IOS Development in Swift #4

Against my better judgement, I went ahead and watched the next lecture to see if I could handle it. It was a bit much. It was straight Swift syntax and programming concepts for an hour and 15 minutes. I would hold off on watching this one; I’ll switch over to a different resource for now, to get some more real experience like what we did with CodeWithChris. I’ll still review a little bit of what Mr. Hegarty covered in the lecture now.

Lecture 4: More Swift and Foundation Frameworks

Mr. Hegarty reveals an interesting aspect of the nature of optionals and unwrapping. The optional is a generic enum (it takes any type T as an input) that returns nil or some object of T. Unwrapping is a switch that either assigns an unwrapped variable to a new variable, or raises an exception if it can’t be unwrapped.

An important part of this lecture which I found relevant to my current purposes was the idea of data structures. The three basic building blocks are classes, structs, and enums (structs being things we know as arrays and dictionaries). The similarities between the three are their declaration syntax; use of properties and functions (no stored values in enum); and initializers (not enum). Their differences include inheritance (only class); introspection and casting (only class, to have an enum or struct that modifies itself, include the keyword mutating); value vs. reference (struct, enum vs. class). This idea was touched upon before but to stress it: when passing by value, values are copied when set as a parameter or assigned to a different variable; passing by reference stores data in the heap and accessed upon each calling.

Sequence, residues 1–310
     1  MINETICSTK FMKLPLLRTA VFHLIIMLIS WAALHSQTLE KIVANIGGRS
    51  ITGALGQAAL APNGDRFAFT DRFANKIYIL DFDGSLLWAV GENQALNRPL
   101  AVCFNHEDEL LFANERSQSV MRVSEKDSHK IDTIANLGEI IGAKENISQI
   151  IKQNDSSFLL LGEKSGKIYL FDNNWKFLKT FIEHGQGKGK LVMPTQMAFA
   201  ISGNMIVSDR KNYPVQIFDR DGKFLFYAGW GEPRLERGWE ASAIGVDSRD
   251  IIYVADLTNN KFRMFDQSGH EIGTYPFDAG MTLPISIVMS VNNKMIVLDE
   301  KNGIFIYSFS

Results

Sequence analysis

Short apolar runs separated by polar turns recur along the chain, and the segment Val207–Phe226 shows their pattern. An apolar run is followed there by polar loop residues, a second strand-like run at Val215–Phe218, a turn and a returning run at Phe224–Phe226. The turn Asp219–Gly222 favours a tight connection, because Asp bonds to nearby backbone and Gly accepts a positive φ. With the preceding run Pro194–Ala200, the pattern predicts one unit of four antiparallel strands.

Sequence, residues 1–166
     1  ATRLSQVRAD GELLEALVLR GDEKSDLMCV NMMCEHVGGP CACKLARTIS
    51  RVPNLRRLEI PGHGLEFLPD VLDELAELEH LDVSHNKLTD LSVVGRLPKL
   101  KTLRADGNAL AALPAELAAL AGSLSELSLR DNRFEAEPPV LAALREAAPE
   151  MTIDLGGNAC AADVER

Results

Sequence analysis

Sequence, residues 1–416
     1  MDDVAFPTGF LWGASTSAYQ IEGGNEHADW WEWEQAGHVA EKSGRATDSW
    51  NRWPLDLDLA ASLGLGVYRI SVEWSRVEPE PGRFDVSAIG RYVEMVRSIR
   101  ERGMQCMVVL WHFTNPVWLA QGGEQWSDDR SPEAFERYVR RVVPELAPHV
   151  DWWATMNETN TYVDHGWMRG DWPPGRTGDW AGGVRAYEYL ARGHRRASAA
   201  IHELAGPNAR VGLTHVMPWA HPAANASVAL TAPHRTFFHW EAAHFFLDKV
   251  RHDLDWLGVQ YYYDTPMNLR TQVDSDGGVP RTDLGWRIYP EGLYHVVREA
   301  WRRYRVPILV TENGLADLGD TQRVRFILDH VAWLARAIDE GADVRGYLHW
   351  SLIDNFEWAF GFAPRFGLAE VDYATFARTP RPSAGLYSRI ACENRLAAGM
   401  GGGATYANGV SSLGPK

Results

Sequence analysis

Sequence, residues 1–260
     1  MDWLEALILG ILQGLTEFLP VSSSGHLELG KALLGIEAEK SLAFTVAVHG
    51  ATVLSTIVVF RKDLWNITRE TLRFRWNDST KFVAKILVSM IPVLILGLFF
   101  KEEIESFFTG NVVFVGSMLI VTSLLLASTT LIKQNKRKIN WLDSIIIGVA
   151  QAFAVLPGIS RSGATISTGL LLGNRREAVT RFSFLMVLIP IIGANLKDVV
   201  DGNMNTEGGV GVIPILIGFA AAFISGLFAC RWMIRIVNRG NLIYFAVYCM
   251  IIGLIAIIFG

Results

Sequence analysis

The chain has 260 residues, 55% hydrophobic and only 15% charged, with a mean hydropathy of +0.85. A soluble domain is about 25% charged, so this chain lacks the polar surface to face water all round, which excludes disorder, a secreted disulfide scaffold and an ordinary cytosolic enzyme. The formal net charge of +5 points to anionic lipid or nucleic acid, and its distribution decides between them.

Hegarty talked extensively about the rules of initializers. Most of it was for advanced coding so was not too relevant, except now I know if I get an error message about initializing, that I should check back to this video.

Useful Methods

Array methods:


first -> T?

last -> T?


insert(T, atIndex: Int)

splice(Array<T>, atIndex: Int)



replaceRange(Range, [T])

sort(isOrderedBefore: (T, T) -> Bool) // sorts elements e.g. a.sort { $0 < $1 }

filter(includeElement: (T) -> Bool) -> [T] // filters out undesirable elements e.g. a.filter { $0 < 3 }

map(transform: (T) -> U) -> [U] // transforms elements to different type e.g. { “\($0)” }

reduce(initial: U, combine: (U, T) -> U) -> [U] // reduce elements to one value e.g. a.reduce(0) { $0 + $1 }

String methods (NOTE: Strings are indexed by String.index because a given glyph might be represented by multiple unicode characters so Strings can’t be indexed by Int):

advance(String.Index, Int) // e.g.

// var s = “hello”

// let index = advance(s.startIndex, 2)

// s.splice(“abc”, index)

// let startIndex = advance(s.startIndex, 1)

// let endIndex = advance(s.startIndex, 6)

// let substring = s[index..<endIndex]

The lecture slides on iTunesU have all of these methods and more. Here’s an article that also talks more about some of these higher order functions. 

At the end of my free CodeWithChris trial, I was a bit unsatisfied with the War game we created; it wasn’t how the game actually worked. The actual game doesn’t work off of points, what happens is that the winner of a round gets both cards, and whoever ends up with all the cards wins. So I decided to expand the functionality of the War game and also practice what we learned from lecture 3 to create a WarBrain.

I’ve attached my rendition of how I accomplished this below–it might not be the most economic code but it definitely got the job done. Try this out for yourself before looking at what I did. The finished result took me a couple hours, but it was great practice. The goal is that you want to:

  1. Create a model with a data structure to hold all the cards
  2. Create a method to randomly distribute the cards to each player
  3. Evaluate each round by adding the losing card to the winner’s stack
  4. Declare a winner when one player’s stack becomes empty

Screen Shot 2015-09-21 at 21.51.32Click image for fullscreen.


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